Sunday was the 64th annual British Academy Film and Television Awards – here’s a brief roundup of the night’s victors and vanquished.
The King’s Speech earned a predictable royal flush by scooping seven awards from its fourteen nominations. These included Original Screenplay, Leading Actor, Original Music, Supporting Actress and the coveted Best Picture prize. However, The Social Network pulled off a royal coup by taking home the prizes for Editing and Directing, the latter for David Fincher, his first BAFTA win. The Facebook biopic also took the Adapted Screenplay Award, an accolade richly deserved by Aaron Sorkin, who is expected to comfortably repeat his success at the Oscars in two weeks time.
Inception also won three awards – Production Design, Sound and Special Visual Effects. While none of these are seen as major awards by those outside the specific departments they deal with, the Inception team will surely be happy to have had success amongst such a strong field.
The fact that the competition this year was particularly strong is displayed by the relatively lacklustre showings from two of the year’s most outstanding and critically acclaimed films. Both Black Swan and True Grit managed only one award apiece, despite receiving twelve and eight nominations respectively. Natalie Portman captured a richly deserved Leading Actress prize for her dedicated performance in Darren Aronofsky’s mind-bending thriller. Sporting a Royal Mail-themed moustache, Aronofsky accepted the award in the wake of the absent Portman, who is heavily pregnant. The sole award won by the Coen Brother’s True Grit was for Cinematography, presented to Roger Deakins, whose camerawork was one of the highlights of the film.
While it was a night of largely predictable results, there were a few shocks woven into the evening’s tapestry. Geoffrey Rush pipped Christian Bale in the Supporting Actor category, though Bale is still favourite for the Oscar. Tom Hardy beat Andrew Garfield to the Rising Star award, the only one to be voted for by the public (so that result is your fault).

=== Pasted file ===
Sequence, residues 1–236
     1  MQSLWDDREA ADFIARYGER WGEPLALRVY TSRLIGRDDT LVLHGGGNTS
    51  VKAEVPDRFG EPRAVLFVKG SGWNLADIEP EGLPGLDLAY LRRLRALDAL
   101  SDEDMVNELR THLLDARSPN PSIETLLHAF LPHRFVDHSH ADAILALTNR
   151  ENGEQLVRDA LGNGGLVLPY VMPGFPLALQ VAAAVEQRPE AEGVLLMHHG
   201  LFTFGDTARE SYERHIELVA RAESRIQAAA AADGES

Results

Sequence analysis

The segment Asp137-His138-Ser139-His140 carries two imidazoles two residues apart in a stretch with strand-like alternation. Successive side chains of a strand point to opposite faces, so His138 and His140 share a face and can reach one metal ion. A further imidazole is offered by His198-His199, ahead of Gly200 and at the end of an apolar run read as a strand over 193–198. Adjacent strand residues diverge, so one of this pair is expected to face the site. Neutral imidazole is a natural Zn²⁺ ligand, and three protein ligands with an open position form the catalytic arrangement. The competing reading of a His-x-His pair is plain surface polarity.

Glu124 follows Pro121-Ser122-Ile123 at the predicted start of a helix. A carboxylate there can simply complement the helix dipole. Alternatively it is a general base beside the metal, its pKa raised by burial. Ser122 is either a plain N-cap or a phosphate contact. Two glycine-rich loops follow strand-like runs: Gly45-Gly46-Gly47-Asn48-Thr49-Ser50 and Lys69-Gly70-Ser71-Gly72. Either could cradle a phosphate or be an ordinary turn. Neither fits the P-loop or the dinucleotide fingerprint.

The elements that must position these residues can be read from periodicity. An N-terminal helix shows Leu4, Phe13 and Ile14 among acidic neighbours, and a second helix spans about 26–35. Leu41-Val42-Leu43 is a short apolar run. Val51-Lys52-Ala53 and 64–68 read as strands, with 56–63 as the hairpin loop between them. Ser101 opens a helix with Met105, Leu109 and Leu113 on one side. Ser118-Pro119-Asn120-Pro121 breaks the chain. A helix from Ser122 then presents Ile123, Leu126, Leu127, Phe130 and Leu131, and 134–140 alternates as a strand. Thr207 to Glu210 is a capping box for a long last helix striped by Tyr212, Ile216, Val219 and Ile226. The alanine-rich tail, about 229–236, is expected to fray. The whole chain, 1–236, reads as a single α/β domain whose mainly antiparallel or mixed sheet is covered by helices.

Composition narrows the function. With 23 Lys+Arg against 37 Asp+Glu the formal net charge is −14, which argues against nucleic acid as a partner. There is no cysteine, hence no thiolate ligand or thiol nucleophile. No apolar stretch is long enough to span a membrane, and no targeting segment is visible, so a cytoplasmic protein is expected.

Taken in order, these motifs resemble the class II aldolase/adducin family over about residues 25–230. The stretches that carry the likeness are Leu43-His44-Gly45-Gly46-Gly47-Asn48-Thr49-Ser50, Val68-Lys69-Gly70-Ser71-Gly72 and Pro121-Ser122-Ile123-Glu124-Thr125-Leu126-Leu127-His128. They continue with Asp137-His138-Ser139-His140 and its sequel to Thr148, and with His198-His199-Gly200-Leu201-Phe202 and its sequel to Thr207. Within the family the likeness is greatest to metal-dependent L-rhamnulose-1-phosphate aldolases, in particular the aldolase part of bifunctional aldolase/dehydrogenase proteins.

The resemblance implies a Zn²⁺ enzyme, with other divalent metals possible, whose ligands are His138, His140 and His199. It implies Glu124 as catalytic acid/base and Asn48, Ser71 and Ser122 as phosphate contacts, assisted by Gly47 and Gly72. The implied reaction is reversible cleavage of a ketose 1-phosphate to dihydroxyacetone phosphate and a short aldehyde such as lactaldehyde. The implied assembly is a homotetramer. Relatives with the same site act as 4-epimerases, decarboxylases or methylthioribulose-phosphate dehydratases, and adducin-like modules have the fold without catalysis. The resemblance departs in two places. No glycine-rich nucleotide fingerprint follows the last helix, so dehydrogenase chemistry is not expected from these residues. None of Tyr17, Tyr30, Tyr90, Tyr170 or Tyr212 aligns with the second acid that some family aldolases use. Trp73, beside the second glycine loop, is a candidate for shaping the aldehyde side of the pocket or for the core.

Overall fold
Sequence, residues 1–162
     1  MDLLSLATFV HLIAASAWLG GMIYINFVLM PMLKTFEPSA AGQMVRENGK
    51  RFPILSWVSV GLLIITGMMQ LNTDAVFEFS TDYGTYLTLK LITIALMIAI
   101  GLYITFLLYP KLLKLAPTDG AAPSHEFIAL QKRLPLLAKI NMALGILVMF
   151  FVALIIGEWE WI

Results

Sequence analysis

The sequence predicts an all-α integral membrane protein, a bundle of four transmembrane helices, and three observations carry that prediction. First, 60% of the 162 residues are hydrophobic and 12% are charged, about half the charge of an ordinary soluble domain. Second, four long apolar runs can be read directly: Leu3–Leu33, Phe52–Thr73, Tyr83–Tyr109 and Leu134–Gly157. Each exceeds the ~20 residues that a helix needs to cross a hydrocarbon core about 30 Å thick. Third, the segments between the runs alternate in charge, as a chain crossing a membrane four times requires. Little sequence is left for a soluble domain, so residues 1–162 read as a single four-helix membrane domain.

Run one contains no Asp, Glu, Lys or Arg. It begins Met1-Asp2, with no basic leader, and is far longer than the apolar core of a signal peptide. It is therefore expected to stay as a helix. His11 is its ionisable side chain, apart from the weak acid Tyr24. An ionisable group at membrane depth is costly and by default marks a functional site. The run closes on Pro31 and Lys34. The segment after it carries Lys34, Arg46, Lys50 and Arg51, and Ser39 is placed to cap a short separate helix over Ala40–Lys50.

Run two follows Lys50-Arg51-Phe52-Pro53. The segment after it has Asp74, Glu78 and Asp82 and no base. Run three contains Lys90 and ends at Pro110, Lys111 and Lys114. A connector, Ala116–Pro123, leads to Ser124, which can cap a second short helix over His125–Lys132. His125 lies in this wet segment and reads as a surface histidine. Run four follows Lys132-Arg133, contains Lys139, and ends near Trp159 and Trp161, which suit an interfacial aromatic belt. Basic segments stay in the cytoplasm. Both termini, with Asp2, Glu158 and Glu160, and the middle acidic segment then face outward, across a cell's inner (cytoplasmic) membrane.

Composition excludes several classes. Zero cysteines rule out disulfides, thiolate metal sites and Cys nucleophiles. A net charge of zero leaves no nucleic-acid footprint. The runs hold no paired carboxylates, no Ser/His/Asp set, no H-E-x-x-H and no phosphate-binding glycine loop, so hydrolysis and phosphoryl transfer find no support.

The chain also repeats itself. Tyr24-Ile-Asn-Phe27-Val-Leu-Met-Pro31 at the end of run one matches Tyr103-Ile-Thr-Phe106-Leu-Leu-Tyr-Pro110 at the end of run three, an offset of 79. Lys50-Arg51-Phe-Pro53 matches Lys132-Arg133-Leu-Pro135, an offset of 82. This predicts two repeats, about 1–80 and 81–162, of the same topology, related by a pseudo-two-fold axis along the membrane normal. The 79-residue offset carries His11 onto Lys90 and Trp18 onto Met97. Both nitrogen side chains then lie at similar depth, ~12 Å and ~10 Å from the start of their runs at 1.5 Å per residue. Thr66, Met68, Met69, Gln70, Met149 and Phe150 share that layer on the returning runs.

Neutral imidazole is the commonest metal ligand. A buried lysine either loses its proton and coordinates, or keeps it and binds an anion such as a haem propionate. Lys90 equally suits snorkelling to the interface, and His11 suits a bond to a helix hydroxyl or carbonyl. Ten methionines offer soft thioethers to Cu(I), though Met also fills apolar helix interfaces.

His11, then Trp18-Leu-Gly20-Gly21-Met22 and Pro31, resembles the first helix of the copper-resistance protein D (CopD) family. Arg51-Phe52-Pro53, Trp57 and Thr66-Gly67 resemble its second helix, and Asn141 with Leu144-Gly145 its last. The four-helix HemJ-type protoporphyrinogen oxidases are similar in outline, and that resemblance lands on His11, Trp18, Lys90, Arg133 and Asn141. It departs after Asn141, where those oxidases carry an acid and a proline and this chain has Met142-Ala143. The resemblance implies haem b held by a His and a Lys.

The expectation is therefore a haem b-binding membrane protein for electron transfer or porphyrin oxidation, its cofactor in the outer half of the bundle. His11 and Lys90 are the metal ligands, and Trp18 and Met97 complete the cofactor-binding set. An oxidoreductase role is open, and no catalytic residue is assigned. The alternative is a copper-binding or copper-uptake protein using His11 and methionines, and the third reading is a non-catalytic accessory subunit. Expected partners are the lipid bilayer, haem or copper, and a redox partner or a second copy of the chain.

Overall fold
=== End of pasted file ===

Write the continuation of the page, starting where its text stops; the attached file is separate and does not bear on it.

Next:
Undoubtedly the biggest shock of the night was the Best Director award. David Fincher, who was nominated for The Social Network, beat off competition from Tom Hooper and Darren Aronofsky to claim the coveted prize. Hooper was widely considered favourite to capture the award riding on the coattails of The King’s Speech, and many considered Aronofsky as the best outside bet, but nevertheless, Fincher was an unquestionably deserving winner.
Finally, the presentation of the Academy Fellowship to Christopher Lee was moving. He was given due prominence for a glittering career that has spanned seven decades. From his early Shakespeare work, to Star Wars and the Lord of the Rings trilogy, via James Bond, he must be considered one of the true giants currently in cinema.
The ceremony itself went smoothly, managing to feel quite low-key by the end. Jonathan Ross was a solid host, staying well clear of the territory Ricky Gervais entered at the Golden Globes last month. All in all, a very British BAFTAS.